Measuring Up Kontos

Measuring Up Kontos

Managing common insect pests successfully usually involves an integration of control tactics aimed at minimizing pest immigration and reproduction in the target crop. Successful pest management also involves maximizing the impact of mortality factors that regulate pest density.

When conditions are favorable for insect colonization and development and mortality by weather and natural enemies is low, applications of insecticides may be necessary to minimize crop damage. Whiteflies, mealybugs and leafminers are among the most challenging pests to control. Problems with these pests often start when propagules–usually the less conspicuous and most easily transported life stage of the species–are introduced into the crop.

Whitefly, mealybug and leafminer eggs and early instars are very difficult to detect by routine inspection due to their small size and secluded behavior. Once established, populations of these insects can quickly reach unacceptable levels triggering insecticide applications.

Fortunately, several new insecticides such as spirotetramat (Kontos) are now on the market that more effectively target these pest species and more easily integrate into modern pest management programs.

Why Such Damaging Pests?

Whiteflies, mealybugs and scale insects feed by piercing the leaf or stem and sucking the plant’s sap or cellular contents. As a byproduct of their feeding, many of these insects cover themselves with a waxy substance that protects them from desiccation and from many contact insecticides. Similarly, leafminer larvae are protected from most contact sprays as they feed inside the leaf tissue and complete development in the soil, away from sprayed plant surfaces.

Controlling established populations of these pests often requires the timely use of systemic insecticides. Systemic insecticides are incorporated by the plant after application and move from treated surfaces to untreated ones, thus providing better coverage than contact sprays. Whether or not an insecticide moves within the plant and the speed at which it moves is based on both the chemical and physical properties of the molecule and the size (and transporting mechanism) of the plant. Most of the new systemic insecticide molecules can move acropetally (toward the tips of the plant) via the xylem. But, often because they are highly water soluble, the molecules do not effectively move basipetally (toward the base of the plant) in the phloem.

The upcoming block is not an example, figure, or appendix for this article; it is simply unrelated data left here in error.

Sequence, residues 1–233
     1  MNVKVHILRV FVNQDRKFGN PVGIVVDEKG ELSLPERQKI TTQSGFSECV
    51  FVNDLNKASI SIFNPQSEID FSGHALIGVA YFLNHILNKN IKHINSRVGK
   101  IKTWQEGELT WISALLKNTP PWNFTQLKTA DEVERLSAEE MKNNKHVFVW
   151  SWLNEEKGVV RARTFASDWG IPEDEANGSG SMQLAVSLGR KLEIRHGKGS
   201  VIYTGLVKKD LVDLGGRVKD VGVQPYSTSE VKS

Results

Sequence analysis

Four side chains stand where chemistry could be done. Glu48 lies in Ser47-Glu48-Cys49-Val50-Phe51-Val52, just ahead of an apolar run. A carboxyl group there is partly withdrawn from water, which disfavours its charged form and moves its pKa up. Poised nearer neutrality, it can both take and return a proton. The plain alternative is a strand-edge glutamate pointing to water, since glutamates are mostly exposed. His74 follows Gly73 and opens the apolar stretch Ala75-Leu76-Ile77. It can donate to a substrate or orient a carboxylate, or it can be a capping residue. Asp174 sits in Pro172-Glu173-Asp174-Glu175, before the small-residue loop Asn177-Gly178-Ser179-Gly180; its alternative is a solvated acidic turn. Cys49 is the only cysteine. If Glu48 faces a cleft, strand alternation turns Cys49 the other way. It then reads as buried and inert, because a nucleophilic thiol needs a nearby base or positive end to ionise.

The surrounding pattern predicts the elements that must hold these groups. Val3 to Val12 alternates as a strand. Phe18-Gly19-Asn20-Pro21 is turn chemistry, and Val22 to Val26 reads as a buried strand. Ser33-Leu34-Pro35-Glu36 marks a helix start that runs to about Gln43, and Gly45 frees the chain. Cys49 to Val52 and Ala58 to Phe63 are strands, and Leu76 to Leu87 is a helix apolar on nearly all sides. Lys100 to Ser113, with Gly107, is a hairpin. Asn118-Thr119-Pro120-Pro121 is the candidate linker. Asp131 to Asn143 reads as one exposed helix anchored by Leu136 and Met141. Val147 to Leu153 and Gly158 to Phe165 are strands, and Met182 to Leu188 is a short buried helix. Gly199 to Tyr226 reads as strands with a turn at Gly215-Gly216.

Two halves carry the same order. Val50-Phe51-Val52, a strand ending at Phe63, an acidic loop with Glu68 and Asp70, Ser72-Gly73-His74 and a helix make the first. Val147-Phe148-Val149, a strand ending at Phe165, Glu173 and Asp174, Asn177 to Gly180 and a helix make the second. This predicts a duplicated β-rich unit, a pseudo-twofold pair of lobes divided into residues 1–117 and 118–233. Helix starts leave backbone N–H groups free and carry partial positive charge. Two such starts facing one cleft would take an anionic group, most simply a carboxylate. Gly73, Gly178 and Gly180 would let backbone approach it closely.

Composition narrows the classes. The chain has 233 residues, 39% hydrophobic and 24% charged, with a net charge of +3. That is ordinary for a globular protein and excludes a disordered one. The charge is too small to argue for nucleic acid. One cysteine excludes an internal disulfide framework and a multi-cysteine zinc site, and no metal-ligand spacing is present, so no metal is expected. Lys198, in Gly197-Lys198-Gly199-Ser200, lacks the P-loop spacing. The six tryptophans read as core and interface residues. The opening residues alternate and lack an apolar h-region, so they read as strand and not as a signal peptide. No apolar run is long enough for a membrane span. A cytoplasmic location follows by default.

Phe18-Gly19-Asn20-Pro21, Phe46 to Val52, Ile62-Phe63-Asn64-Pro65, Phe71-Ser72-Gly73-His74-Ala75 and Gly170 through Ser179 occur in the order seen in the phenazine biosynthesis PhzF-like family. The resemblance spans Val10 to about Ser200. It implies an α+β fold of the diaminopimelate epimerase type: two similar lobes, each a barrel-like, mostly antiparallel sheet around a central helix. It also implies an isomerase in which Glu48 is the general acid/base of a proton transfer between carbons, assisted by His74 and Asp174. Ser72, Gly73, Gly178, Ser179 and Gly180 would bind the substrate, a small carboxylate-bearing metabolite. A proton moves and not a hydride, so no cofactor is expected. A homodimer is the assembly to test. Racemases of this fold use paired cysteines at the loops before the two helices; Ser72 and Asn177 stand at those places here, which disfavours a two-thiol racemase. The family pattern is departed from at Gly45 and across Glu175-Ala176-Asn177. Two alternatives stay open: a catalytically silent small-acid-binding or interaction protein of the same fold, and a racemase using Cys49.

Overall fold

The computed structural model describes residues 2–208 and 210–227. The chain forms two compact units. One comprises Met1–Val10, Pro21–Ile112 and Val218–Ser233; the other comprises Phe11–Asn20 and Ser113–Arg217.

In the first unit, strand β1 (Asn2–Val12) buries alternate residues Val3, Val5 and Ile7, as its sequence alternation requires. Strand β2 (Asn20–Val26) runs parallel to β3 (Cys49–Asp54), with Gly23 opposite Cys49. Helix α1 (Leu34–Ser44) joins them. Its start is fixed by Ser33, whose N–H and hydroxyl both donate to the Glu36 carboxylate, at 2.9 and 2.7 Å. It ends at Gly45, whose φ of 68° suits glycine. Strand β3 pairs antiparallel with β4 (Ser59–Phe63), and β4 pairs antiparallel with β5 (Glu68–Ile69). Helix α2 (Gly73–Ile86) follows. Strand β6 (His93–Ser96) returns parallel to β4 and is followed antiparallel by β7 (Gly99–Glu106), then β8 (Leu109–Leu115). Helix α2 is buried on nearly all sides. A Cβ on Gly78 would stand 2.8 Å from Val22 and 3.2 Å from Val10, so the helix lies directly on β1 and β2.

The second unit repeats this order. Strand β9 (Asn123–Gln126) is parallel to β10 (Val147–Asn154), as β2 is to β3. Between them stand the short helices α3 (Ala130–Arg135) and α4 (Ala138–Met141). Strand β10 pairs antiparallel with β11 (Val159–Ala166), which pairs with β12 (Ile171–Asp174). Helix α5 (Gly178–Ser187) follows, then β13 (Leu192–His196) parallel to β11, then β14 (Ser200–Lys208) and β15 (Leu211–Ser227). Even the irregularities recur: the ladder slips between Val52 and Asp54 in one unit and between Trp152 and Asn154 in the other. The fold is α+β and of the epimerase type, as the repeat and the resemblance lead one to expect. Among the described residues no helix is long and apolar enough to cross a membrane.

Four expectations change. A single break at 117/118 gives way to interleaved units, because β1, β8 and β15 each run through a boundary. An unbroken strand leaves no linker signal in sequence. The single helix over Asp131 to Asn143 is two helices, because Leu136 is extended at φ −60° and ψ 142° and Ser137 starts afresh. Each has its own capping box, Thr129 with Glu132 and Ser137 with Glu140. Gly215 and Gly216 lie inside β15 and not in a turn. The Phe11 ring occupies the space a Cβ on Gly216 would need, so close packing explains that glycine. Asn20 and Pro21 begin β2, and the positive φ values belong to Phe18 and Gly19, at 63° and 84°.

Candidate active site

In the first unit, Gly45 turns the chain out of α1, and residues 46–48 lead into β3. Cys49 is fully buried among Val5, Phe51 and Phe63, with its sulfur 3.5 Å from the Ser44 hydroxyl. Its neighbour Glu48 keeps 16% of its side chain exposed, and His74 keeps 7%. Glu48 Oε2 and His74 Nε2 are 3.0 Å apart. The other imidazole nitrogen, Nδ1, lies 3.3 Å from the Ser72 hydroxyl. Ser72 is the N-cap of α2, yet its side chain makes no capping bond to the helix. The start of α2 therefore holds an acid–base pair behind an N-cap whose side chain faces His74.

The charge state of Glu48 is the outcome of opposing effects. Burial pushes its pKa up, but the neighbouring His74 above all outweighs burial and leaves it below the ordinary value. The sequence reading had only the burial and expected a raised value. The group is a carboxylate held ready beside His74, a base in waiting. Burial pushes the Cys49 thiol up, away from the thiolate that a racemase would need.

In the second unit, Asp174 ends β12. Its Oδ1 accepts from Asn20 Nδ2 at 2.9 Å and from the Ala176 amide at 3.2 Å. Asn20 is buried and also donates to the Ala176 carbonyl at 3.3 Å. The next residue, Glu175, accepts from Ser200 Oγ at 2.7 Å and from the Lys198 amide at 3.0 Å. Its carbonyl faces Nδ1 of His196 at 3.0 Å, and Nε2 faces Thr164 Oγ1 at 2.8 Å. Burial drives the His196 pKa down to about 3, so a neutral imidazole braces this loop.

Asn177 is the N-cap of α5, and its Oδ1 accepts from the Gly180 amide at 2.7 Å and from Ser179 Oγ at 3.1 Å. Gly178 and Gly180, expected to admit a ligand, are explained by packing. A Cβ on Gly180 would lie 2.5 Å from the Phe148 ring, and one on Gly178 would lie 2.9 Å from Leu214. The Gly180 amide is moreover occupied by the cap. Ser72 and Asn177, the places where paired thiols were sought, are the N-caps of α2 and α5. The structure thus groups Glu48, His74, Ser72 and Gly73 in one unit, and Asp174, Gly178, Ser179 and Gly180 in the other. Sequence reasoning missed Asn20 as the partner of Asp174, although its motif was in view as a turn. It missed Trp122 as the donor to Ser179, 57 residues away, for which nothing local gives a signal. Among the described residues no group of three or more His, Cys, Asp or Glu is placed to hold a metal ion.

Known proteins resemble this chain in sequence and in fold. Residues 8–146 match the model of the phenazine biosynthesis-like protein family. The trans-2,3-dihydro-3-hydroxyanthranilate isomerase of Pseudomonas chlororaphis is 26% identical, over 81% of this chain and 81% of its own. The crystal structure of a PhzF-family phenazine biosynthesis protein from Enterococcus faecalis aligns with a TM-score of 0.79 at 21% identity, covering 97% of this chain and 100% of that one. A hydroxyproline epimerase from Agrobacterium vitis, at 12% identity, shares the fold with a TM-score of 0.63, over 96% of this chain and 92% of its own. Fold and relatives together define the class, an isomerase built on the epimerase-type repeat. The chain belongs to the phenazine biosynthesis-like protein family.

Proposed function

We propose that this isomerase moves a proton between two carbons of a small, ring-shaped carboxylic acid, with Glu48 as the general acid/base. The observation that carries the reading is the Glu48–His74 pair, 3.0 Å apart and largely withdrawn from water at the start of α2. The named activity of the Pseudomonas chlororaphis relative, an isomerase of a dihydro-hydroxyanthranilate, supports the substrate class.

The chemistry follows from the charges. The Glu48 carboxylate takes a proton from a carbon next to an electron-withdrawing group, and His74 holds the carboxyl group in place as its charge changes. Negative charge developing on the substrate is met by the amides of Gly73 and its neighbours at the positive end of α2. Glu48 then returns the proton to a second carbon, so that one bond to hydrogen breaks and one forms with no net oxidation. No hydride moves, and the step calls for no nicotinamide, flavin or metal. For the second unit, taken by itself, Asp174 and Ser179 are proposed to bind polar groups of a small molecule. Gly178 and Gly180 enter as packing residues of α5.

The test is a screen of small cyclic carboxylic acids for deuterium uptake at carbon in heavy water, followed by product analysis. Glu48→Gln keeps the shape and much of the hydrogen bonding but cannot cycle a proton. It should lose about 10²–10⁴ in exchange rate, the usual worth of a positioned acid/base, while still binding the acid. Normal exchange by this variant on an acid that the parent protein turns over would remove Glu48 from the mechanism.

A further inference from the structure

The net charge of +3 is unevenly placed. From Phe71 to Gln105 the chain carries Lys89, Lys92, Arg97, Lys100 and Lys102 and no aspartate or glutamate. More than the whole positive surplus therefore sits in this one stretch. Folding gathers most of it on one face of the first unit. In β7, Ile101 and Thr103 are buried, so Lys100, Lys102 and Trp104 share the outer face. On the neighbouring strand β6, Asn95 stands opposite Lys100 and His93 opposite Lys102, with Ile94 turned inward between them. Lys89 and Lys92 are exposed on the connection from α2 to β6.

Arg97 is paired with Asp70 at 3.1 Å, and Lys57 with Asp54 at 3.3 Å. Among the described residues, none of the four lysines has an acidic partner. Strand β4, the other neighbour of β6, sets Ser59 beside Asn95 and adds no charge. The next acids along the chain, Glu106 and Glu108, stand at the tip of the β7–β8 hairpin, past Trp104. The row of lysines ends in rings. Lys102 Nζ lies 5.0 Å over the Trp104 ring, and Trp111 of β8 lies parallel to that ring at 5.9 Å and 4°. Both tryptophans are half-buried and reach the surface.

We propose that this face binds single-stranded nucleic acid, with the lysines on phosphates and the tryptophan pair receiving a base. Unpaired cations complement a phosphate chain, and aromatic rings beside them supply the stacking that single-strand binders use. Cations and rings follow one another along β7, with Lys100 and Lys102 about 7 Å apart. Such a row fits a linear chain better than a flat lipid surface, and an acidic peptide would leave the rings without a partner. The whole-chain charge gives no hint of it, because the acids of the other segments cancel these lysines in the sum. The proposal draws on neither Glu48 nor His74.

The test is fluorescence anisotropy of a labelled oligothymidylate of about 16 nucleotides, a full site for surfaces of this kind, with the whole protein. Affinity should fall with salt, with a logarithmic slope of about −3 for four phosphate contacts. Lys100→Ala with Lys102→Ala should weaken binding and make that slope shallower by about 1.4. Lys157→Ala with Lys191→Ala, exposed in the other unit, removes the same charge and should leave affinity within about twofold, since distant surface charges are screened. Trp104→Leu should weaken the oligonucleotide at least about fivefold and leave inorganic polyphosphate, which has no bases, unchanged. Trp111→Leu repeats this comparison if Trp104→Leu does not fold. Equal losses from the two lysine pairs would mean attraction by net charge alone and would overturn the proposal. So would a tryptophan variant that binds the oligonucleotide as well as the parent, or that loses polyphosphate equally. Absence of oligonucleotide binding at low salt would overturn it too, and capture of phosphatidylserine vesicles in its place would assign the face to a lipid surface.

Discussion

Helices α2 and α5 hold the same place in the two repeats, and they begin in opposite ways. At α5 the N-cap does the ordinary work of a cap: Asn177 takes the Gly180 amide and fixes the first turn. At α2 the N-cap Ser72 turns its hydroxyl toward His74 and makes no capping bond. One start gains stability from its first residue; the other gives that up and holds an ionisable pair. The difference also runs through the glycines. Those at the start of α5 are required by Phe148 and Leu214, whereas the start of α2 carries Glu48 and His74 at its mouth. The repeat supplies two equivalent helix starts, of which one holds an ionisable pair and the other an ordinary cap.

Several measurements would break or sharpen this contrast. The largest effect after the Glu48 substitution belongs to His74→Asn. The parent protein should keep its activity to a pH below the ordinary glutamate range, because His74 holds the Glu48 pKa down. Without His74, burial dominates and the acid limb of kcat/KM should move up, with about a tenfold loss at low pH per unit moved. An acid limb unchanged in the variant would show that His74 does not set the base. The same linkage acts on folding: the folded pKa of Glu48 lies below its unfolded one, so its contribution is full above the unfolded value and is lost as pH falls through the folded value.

Spirotetramat is a true systemic insecticide. Once in the plant, it converts to spirotetramat-enol, a molecule with a good combination of characteristics for phloem mobility. Even though the compound is not very water soluble, it is a weak acid with intermediate lipophilicity (membrane permeability), which allows it to slowly diffuse through, accumulate into and get moved by the phloem cells.

The information that follows is a summary of tests conducted in the last three years to assess efficacy of Kontos against whiteflies, serpentine leafminers and solanum mealybugs attacking flowering plants commonly grown in greenhouses.

Mealybug Control Using Kontos

Using mealybug-infested ‘Miramar’ chrysanthemums, we tested efficacy of two formulations of spirotetramat (240 SC and 150 OD) at two doses each (high and low) corresponding to 1.7 and 3.4 fluid ounces per 100 gallons for 240 SC, and 2.7 and 5.4 fluid ounces per 100 gallons for 150 OD, to that of Marathon II (imidacloprid) at 1.7 fluid ounces per 100 gallons and Marathon Ultra at 25 fluid ounces per 100 gallons–all as foliar sprays applied 14 days apart.

We also tested drench treatments (one application) of the 240 SC low rate and Marathon II at 1.7 fluid ounces per 100 gallons. Control plants received no applications. All spirotetramat formulations performed well against both nymphs and adults, relative to imidacloprid formulations, but control was better at two weeks after treatment (Figure 1, scroll down). This is expected based on the chemical properties of the spirotetramat molecule. Results were similar after the second foliar application but surprisingly, the drench treatment continued to work well 28 days after application (Figure 2, scroll down).

Whitefly Control Using Kontos